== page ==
Less than two years separate the releases of BTS,BTT and Fifth Element, and this second outing finds the band determinedly staying the course they so firmly established on their first go ‘round. The same firing-on-all-cylinders, everything-including-the-kitchen-sink approach is on display. Bassist and founding member Arkadiusz E. Ruth’s thunderous and omnipresent orchestration underpins the blizzard of notes laid down by guitarists Gunsen and Karol Mania, who seem to deviate from their lightning-fast rhythms at the slightest provocation from the songwriting in order to indulge in duelling solos, both with each other and with keyboardist Slavomir Belak. Simon Kostro, whose sonorous and commanding voice periodically erupts into piercing falsettos and pseudo-harsh rasps, shares vocal duties with the ear-candy soprano Agata Lejba-Migdalska and mezzo-soprano Katarzyna Materna. Also going on throughout all of this, of course, is the double bass carpet bombing laid down by Kacper Stachowiak. Amidst all of this incredible volume of instrumentation, I could bemoan the loss of identifiable and memorable riffs swamped in the sheer excess of notes, but this would, I think, be missing the point. The music Pathfinder write is no more meant to be catchy or infectious than that of, say, Burzum; its primary mission is not to worm its way into the listener’s mind and preserve itself there, but to provide as concentrated an infusion of adrenaline as possible in the time that it’s playing, an hour’s worth of set-piece moments that prioritise the immediate sensation of revelation, of “holy shit, I can’t believe what I’m hearing” over making a lingering impression. In this sense, Pathfinder arguably have more in common with the sorts of production companies dedicated to cinematic trailer music that have started cropping up in the last few years such as Immediate Music and Two Steps From Hell than they do with classic power metal.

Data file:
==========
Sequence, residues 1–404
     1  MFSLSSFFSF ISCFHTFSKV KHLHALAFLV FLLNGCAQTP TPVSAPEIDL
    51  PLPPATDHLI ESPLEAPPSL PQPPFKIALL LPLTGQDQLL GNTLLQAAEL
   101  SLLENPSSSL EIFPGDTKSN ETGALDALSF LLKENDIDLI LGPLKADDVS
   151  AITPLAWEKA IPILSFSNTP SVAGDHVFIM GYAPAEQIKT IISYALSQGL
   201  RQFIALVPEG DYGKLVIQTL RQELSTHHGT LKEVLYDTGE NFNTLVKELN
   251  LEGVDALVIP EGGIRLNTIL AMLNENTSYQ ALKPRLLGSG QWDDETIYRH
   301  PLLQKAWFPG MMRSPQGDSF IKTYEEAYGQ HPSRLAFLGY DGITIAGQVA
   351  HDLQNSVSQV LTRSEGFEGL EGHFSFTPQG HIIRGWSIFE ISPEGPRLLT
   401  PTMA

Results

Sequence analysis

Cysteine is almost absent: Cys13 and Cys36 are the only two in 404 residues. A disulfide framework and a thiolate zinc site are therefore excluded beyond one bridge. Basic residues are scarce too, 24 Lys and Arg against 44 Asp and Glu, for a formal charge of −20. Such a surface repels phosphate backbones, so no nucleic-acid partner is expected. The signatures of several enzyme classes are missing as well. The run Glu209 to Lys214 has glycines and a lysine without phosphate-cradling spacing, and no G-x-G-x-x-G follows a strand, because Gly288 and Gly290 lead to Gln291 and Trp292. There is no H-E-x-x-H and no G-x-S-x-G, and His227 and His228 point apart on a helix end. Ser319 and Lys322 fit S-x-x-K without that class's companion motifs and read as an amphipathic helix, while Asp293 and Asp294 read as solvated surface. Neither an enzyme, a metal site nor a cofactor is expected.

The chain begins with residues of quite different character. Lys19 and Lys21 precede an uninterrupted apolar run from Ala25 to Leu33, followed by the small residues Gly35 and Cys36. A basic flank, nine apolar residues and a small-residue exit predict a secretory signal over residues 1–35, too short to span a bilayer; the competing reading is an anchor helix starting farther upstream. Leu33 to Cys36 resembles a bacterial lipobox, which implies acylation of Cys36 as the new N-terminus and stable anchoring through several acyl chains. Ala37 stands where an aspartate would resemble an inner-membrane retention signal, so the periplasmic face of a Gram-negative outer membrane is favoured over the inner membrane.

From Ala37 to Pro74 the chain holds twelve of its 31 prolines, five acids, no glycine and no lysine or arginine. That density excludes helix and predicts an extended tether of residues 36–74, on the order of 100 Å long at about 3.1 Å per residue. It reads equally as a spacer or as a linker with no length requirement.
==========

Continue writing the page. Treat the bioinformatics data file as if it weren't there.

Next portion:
Judged according to these standards, I can’t help but find Fifth Element slightly deflating after the majestic trip that was Beyond the Space, Beyond the Time. At no point does Fifth Element touch the heights of ludicrous audacity that the band showed with the full minute of shredding that formed the cold open to “The Whisper of Ancient Rocks,” or the impossibly high note Kostro hit at the climax of “Beyond the Space, Beyond the Time.” Pathfinder have set themselves up as the ne plus ultra of symphonic power metal, the same way bands like Brain Drill and Viraemia are to tech death, and if a band make it their business to push a certain extreme as far as it will go, then surely it’s fair to judge their work according to the linear metric they set out for themselves, no? By Pathfinder’s own paradigm then, Fifth Element is a definite step back from its predecessor in that it never attains the same lofty peaks of awe, and as such, the parts of my brain that should have been overwhelmed found themselves instead fixating on niggling problems, like Kostro’s jarring jumps into squealing falsetto stings, or the sterile and over-processed guitar tone.